Cut back fuchsia annually
Fuchsias only bloom on this year's soft shoots. However, since these become lignified from autumn and thus become old, untrimmed fuchsias become more and more rotten in bloom over the years. To prevent this from happening, you should prune the plants once a year. In doing so, you remove about a third to half of the bush, but without cutting too far into the old wood. Leave at least 10 centimeters of the wood! In addition, you should remove dead and sickly parts of the plant immediately so that the fuchsia remains healthy and blooms diligently throughout the summer.
- Should you cut fuchsias before wintering?
- Fuchsia doesn't bloom - why is it?
- Magnificent blooms in fuchsias - care, cutting, wintering
Pruning: Better before winter or in spring?
It is up to you whether you carry out the annual pruning in autumn or in spring. However, there are some good reasons for an autumn cut:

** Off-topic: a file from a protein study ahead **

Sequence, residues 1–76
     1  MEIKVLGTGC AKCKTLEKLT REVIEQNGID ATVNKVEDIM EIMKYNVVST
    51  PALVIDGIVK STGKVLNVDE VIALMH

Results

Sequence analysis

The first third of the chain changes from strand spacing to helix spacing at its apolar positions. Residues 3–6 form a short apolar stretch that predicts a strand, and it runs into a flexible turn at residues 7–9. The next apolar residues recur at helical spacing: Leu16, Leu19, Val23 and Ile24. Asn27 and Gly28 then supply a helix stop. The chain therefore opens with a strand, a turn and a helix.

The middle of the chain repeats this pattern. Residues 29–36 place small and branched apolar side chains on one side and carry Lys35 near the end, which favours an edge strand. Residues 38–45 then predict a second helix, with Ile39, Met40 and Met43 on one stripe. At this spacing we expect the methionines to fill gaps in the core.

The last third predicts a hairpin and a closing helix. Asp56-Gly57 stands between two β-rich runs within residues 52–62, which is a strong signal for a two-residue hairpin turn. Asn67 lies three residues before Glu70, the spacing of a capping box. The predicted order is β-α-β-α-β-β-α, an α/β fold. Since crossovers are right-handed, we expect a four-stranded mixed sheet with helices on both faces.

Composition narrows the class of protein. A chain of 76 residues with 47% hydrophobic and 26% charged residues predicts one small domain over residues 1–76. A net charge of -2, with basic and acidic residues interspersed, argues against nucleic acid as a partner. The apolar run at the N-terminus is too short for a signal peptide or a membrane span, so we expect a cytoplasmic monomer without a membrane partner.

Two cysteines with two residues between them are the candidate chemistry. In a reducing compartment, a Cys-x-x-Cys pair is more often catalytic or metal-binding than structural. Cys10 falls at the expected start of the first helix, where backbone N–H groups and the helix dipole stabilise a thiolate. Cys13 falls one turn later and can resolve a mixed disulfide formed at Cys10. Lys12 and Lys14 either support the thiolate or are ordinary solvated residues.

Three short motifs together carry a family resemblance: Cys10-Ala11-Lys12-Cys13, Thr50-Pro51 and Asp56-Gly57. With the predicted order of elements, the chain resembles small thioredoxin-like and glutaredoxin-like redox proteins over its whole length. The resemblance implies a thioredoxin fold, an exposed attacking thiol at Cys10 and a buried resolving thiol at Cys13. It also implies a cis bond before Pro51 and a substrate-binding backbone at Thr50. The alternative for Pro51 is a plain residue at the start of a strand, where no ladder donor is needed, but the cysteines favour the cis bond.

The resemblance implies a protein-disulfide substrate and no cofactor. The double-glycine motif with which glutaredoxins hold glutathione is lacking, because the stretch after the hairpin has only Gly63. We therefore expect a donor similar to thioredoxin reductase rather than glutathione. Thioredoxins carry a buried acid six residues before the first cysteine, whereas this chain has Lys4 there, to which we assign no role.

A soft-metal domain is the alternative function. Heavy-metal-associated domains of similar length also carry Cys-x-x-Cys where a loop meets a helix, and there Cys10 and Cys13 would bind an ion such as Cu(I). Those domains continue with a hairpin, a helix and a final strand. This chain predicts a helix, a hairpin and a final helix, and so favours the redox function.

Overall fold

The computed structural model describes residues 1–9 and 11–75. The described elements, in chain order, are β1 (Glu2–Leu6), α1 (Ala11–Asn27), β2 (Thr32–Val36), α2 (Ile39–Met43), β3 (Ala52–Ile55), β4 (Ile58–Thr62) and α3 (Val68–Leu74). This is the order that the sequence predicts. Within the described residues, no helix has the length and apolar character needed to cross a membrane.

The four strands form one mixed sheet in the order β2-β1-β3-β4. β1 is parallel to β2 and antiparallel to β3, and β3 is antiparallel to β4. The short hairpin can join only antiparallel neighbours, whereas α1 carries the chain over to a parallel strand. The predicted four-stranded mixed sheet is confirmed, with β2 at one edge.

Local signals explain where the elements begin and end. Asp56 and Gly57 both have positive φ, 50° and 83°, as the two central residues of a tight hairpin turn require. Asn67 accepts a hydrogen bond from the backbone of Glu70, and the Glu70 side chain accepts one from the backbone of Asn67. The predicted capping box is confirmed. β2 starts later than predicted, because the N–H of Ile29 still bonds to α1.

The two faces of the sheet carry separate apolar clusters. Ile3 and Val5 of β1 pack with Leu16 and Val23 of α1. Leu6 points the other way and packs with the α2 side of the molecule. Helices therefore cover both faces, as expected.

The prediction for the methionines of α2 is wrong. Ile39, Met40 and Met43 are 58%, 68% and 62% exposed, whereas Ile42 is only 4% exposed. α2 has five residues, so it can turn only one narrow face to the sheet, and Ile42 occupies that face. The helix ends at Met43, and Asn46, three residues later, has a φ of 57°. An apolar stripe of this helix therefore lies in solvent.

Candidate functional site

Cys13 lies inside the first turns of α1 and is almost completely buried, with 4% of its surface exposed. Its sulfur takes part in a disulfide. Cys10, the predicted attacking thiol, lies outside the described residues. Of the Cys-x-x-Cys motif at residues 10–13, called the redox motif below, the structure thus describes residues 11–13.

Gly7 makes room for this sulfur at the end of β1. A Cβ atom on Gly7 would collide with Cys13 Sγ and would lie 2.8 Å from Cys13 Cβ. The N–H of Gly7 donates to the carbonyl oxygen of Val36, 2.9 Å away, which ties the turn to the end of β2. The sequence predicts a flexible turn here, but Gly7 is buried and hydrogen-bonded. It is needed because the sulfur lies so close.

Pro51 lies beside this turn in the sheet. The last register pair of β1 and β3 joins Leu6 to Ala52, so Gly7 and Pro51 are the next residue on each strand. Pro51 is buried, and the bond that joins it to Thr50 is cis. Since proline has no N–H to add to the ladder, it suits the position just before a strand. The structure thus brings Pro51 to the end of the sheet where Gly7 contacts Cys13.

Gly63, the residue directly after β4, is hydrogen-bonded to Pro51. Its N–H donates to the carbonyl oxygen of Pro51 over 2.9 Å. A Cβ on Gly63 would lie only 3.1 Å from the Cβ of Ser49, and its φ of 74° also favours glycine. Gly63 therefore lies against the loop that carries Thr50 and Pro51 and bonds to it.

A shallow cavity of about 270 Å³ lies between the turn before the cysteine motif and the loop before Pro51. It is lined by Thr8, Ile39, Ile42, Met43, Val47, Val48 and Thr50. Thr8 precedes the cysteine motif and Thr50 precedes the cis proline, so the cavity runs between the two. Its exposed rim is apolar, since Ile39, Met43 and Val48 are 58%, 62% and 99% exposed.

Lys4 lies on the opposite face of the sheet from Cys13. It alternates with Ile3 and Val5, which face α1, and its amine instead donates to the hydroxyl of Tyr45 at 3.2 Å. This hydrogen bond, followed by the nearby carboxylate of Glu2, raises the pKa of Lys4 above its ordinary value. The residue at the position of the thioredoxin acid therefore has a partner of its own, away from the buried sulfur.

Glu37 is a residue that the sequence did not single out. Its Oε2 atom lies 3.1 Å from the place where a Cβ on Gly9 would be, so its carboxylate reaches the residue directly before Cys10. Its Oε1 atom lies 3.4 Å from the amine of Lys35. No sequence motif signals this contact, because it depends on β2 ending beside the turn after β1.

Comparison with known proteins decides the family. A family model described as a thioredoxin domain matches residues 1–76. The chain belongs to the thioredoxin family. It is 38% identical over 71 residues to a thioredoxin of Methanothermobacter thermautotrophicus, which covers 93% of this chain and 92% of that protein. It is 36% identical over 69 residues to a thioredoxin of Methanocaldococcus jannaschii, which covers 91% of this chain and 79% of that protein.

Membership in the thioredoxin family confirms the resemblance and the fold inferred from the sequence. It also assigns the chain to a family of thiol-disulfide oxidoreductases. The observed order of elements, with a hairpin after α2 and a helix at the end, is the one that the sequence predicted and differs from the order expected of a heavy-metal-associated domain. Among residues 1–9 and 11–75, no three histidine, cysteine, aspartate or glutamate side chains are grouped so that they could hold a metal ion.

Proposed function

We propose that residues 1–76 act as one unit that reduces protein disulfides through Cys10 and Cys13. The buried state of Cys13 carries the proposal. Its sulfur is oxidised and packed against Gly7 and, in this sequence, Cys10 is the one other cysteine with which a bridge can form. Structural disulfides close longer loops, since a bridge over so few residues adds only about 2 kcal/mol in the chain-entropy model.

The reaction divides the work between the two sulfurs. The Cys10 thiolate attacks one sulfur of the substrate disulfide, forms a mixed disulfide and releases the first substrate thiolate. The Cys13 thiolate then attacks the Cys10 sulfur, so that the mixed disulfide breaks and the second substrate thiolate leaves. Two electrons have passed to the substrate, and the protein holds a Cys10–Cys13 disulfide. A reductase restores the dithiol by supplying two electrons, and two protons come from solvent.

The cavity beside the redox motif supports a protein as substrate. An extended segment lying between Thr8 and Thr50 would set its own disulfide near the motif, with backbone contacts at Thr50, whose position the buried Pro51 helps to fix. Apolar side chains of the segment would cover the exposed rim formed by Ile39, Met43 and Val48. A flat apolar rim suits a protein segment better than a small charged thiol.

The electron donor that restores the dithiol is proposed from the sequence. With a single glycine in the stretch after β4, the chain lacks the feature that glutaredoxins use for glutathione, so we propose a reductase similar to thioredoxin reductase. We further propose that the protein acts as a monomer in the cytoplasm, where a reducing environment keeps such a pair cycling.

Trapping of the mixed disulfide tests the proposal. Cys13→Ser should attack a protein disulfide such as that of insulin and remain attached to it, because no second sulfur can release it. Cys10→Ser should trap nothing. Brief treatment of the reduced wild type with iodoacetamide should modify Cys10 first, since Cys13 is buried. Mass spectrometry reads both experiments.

- Cut back, hardy fuchsias are easier to overwinter
- Cut back, not hardy fuchsias take up less space in winter quarters
- cut fuchsias need less light in winter (less leaves = less light)
- Above-ground parts of hardy fuchsias will freeze back anyway
- Dried parts of plants are potential targets for pathogens
- Fungi etc. nest there more easily and weaken the plant
- You don't run the risk of missing the right time to prune in spring
Raise the fuchsia trunk
However, the lignification also offers the opportunity to raise fuchsias not only to become bushes, but optionally also to become tall trunks or even bonsai. However, these growth forms require regular parenting prunings over the years.
- Support the cutting of a standing fuchsia variety with a stick.
- Semi-hanging varieties can also be used for this purpose.
- Cut off all side shoots regularly.
- As a result, the plant grows upwards faster and develops a stem.
- Once the fuchsia has reached the desired height, let the side shoots grow.
- Avoid "wild growth", however, but rather form a crown through targeted cutting.
In terms of care, tall fuchsia trunks or bonsai have the same requirements as naturally growing fuchsias.
We know fuchsias mainly as bushy plants or specially trained tall trunks. What is less well known is that Fuchsia excorticata is also a tree-growing fuchsia. This is native to New Zealand and is called “Kotukutuku” there.